I finally read/listened to this interview
with Liu Cixin, the author of the Three-Body Problem. I first heard about it about a year ago because he got drunk and said he doesn’t care about the Uighur internment camps.
That part is exactly as I thought it would be. Like most Han Chinese, he feels the Uighurs should just fall in line. I think there may be an institutionally racist winners-and-losers mentality like the kind many Whites in America have.
The surprising parts are 1) the choice his grandparents made with respect to hedging during the rise of communism and 2) the shrugging at democracy.
The second part shouldn’t be surprising because I have been thinking a lot lately about how democracy isn’t really valued by possibly a plurality of Americans and about how disastrous US attempts to export democracy have been, in large part to many people throughout the world not finding it to be that attractive a system. In the West, this is unthinkable, and so it leads to condescending and destructive policy.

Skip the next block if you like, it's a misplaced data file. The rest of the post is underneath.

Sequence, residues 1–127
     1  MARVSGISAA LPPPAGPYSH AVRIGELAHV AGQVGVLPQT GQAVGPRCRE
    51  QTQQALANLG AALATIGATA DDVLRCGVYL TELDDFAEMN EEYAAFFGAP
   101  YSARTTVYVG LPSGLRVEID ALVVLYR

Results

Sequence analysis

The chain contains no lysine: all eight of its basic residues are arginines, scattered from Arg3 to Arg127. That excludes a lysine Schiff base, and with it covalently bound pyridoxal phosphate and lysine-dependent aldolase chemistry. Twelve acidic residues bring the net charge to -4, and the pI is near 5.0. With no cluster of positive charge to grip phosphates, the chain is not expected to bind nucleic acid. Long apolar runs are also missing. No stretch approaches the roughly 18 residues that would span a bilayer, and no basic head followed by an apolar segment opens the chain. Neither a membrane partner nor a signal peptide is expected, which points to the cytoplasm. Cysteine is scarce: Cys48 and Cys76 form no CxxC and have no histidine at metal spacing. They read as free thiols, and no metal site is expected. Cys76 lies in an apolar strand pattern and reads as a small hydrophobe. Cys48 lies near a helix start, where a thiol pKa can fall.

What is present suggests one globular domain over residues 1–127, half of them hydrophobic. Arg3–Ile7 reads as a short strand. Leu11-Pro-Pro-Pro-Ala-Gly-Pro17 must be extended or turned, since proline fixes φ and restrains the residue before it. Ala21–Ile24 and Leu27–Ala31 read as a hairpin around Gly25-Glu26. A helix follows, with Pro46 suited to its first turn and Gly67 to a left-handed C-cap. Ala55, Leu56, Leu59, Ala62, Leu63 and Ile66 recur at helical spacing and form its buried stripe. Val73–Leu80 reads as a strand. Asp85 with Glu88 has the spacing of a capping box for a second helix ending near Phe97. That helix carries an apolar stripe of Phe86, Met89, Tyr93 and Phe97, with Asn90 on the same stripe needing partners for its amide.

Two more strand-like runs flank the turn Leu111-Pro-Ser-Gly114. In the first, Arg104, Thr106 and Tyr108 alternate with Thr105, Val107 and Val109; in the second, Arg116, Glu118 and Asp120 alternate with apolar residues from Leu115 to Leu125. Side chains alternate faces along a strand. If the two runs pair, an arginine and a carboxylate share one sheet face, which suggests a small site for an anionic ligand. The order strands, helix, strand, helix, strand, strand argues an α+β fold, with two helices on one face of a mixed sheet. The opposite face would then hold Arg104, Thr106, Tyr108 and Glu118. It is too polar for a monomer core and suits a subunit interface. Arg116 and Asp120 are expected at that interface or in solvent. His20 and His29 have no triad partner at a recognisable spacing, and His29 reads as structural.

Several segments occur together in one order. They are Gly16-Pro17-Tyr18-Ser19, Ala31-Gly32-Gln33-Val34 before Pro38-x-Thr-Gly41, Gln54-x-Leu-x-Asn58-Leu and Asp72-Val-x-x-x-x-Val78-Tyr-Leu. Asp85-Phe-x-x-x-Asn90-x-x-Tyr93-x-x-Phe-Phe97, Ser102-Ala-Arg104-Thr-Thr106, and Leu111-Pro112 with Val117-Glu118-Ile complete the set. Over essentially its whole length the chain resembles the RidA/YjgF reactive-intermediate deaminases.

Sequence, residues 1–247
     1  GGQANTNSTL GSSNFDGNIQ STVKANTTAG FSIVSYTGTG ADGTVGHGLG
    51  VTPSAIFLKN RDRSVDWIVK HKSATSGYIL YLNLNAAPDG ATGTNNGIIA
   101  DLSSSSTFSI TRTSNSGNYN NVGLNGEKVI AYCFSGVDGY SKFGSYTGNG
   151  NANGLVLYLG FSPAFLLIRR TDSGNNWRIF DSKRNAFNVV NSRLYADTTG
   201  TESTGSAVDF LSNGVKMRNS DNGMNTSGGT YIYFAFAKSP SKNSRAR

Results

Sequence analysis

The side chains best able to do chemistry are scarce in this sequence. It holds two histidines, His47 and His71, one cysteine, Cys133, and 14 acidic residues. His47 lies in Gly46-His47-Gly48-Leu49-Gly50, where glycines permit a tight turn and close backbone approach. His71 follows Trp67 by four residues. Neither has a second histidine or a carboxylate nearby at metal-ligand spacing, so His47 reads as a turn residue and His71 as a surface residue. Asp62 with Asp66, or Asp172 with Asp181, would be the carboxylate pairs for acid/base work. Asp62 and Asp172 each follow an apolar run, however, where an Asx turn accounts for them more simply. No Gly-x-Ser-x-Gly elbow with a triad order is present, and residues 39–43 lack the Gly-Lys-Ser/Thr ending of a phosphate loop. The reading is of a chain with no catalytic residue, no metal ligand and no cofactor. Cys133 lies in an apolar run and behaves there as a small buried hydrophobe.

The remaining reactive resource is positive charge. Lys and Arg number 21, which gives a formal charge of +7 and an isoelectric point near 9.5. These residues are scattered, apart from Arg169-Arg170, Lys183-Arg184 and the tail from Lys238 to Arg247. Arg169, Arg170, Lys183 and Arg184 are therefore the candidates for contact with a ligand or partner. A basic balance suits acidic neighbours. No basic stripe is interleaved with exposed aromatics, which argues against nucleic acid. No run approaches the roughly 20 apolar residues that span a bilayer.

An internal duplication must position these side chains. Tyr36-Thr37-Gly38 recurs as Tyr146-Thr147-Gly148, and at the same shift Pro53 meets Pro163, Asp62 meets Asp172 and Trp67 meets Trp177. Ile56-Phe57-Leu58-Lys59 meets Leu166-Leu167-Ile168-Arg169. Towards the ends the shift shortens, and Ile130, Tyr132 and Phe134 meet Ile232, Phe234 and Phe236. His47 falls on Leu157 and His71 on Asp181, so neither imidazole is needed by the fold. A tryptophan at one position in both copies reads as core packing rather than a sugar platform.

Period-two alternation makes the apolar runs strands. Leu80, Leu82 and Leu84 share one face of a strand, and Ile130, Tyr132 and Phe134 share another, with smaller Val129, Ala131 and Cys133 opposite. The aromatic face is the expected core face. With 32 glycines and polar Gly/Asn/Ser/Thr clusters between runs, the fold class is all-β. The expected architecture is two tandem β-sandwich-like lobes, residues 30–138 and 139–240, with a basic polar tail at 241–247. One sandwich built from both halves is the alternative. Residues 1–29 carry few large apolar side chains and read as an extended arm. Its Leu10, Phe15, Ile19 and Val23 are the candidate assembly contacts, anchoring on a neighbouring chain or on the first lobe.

Liu imagines that democracy in China would be chaotic and corrupt, and average people’s lives would be far worse, given that he thinks they mostly care about getting enough to eat and getting healthcare.
I think he’s right about people’s common concerns, but not about democracy being chaotic and prone to corruption. There’s forms of democracy I can point to that could mitigate that, but unfortunately, I can’t point to a real example that has been pressure tested. I certainly can’t point to the US, which is almost a counter example about about democracy lately.